In Valle Camonica there is a little, tasty cheese named fatulì, standing out for its delicate flavour. It’s made with raw milk from a native goat breed, the Bionda dell’Adamello (the “Adamello’s blonde goat”, a goat of medium size with coats ranging in color from pale brown to blond), a rare breed with only 4.000 head of cattle, saved by extinction thanks to the effort of the farmers and the community. The shepherds used to smoke the fatulì in the Alpine huts, burning aromatic benches of juniper, for a long-lasting preservation.
Fatulì means “small cheese” and not “small piece” as often reported: in the ancient dialect of Valle di Saviore (the core of its production) “formagella” cheese was called føta.
The production is certified according to a precise procedure: the milk has to be milked at most two following times, the goats must be bread in the wild, eating mountain herbs that give to the milk a unique taste while no GMO (genetically-modified organism) and/or animal flour are allowed.
The cheese is recognized by Slow Food Italy, it is a traditional agricultural product and with other important acknowledgments. Fatulì is synonymous of tradition, sustainability, environmental protection, ancient production techniques and the wellness of breeders and animals.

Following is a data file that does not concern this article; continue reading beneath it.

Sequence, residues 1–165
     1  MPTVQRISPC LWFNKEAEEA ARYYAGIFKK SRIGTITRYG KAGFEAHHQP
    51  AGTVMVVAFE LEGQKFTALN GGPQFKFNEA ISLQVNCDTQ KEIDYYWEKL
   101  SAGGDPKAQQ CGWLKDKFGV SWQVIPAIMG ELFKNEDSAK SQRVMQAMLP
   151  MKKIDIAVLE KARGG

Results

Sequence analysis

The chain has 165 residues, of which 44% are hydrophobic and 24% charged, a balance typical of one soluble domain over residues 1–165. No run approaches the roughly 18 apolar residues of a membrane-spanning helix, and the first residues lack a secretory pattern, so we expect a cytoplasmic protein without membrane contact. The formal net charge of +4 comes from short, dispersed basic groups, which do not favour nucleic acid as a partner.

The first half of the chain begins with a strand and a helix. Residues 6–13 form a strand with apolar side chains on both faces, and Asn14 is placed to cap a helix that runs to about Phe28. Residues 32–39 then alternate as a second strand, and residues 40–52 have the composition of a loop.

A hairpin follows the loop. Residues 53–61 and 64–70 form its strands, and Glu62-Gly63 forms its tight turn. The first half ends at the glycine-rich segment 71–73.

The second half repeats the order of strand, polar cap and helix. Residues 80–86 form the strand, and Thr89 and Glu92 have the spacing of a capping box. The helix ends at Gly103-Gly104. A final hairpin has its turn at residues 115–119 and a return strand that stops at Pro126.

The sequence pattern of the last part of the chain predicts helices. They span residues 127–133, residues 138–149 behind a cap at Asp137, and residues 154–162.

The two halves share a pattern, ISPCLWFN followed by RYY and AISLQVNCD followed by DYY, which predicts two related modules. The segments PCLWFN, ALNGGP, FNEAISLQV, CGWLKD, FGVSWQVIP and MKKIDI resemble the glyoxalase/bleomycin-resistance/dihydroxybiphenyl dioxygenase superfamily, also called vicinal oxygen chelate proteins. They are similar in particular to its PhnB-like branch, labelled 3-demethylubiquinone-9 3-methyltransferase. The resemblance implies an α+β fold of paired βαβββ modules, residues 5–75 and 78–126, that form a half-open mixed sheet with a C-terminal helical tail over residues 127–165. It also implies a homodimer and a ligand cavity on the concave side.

Fatulì is typically small and cylindrical with flat sides. The rind, darker or lighter depending on the level of smoking, shows the characteristic grooves left from the grates.
The smoke process takes place a few days after the production, from February to October, on grids arranged on the fireplace, burning juniper but also hazelnut tree or beech. The diameter has to be from 10 to 14 cm (4/5 inches) and a weight of 3/5 hg (14 ounces) per piece. Aging lasts from 30 days to six months for a tougher cheese, good to shave.
Try the fatulì toasted or raw, with honey, fruit or onion compotes. One of the most delicious ways is the recipe of “risotto” with pears and fatulì, or pizza with fatulì and leeks.